June 11, 1921
Remarkable speech by Tom Watson
Leads to victory against the Villa.
By Kenneth Campbell
“Kenneth Campbell, the famous goalkeeper for Partick Thistle and Scotland, continues the story of his football career. Joining Liverpool when a lad as understudy to the renounced Sam Hardy, the prince of English goalkeepers, Kenneth ultimately succeeded in displacing Hardy, who went to Aston Villa. A year ago he, was chosen to guard Scotia’s goal against England, and shortly afterwards he joined Partick Thistle, and this season he played against Wales and Ireland, and helped his club to win the Scottish Cup.”
Last week exigencies of space compelled me to leave myself and Bob Pursell in a rather awkward predicament. No doubt, most of you will have guessed who the couple were that greeted us on the front step. But it’s ten to one you’ve guessed it wrong.
It wasn’t Tom Watson and Bill Connell – it was clubmates Tommy Fairfoull and Jimmy Nicholl!
They, too, had stolen out for a breather, and landed, like us, in a mess.
They informed us that the front door, like the one at the back, was locked. It meant that we had to knock for admittance, and we had a good idea what that meant.
If you could have seen us four standing in that hotel porch trying to screw up courage to knock you would have seen a picture. None of us cared for the job of going in first, but after a bit of arguing as to the best way to face the music, Tommy Fairfoull spoke up like a man and declared he would go first.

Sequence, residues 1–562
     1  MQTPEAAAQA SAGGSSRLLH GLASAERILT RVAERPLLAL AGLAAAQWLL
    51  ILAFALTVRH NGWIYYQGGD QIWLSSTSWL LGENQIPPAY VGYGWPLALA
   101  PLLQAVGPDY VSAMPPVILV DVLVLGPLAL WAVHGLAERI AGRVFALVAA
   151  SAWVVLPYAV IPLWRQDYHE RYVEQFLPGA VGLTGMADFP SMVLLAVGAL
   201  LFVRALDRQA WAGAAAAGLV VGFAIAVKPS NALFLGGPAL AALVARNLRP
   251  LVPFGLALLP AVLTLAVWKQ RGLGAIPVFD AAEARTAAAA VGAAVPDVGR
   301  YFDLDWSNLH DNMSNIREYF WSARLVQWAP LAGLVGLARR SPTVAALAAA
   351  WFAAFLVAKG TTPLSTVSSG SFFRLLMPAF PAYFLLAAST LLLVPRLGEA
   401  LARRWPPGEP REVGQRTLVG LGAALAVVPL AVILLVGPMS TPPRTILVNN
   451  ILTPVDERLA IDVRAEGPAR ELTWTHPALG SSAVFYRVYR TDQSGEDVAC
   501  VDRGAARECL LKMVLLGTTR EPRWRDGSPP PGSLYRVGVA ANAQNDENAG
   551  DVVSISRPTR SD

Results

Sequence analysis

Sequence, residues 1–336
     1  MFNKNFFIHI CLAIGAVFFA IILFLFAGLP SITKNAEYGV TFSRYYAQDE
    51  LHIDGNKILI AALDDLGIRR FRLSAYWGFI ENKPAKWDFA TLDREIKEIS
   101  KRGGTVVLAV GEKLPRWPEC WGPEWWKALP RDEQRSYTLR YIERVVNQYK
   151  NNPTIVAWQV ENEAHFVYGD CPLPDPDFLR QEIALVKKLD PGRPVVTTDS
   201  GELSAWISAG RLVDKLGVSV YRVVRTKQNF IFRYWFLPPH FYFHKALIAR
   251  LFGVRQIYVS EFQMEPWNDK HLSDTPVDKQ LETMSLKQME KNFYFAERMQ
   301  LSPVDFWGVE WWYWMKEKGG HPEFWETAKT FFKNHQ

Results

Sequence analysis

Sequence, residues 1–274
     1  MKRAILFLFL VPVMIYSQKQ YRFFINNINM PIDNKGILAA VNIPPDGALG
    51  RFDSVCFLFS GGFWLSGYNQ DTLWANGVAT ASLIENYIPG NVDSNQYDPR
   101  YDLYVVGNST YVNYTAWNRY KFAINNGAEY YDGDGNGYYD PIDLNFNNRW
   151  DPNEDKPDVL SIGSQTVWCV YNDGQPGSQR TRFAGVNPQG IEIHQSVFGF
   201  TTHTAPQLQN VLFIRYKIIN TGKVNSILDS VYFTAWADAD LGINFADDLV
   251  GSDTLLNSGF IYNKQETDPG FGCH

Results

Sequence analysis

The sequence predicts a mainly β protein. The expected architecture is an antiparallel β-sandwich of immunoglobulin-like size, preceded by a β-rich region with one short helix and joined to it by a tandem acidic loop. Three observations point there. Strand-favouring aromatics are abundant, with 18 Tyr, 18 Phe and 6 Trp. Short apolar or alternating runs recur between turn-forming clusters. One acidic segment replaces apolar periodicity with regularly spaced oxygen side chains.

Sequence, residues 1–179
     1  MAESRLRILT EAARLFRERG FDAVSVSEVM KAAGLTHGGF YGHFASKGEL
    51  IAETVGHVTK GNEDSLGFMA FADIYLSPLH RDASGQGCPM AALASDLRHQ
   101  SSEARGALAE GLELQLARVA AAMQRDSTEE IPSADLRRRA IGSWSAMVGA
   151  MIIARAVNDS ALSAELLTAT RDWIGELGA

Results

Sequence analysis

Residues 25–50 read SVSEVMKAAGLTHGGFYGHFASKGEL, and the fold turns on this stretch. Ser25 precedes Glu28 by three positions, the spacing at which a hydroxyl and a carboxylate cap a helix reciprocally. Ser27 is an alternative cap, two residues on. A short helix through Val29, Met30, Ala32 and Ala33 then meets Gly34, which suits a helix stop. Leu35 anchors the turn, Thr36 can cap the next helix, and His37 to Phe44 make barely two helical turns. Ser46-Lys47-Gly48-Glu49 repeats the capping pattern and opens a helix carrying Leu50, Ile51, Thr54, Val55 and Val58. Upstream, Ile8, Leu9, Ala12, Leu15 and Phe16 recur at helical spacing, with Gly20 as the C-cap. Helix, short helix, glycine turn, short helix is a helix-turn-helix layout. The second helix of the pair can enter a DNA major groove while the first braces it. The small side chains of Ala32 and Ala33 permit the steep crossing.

I had often admired Tommy and his dare-devil methods previous to this (and many times later on, let me add), but at that particular moment he was a hero in my eyes.
So up goes our right half and bangs on the door. It was opened immediately, no doubt those inside were at the back of the door and heard all our conversation, and Tommy walked in, followed by the other three.
And there on either side of the passage were the persons we most dreaded – Tom Watson, the manager, and old Bill, the trainer!
“Where have you been?” demanded our manager.
We muttered something in the way of an excuse, but I could see the glint in Mr. Watson’s eye that he was for no excuses.
“Tommy,” he says, “you go to Liverpool tomorrow; we have another man for your place, and Kenny, you go with him. Bob, you remain here till I see if we can get in touch with Liverpool in time to get your placed filled (it was Thursday night), and Jimmy, you’re in the same boat as Pursell.”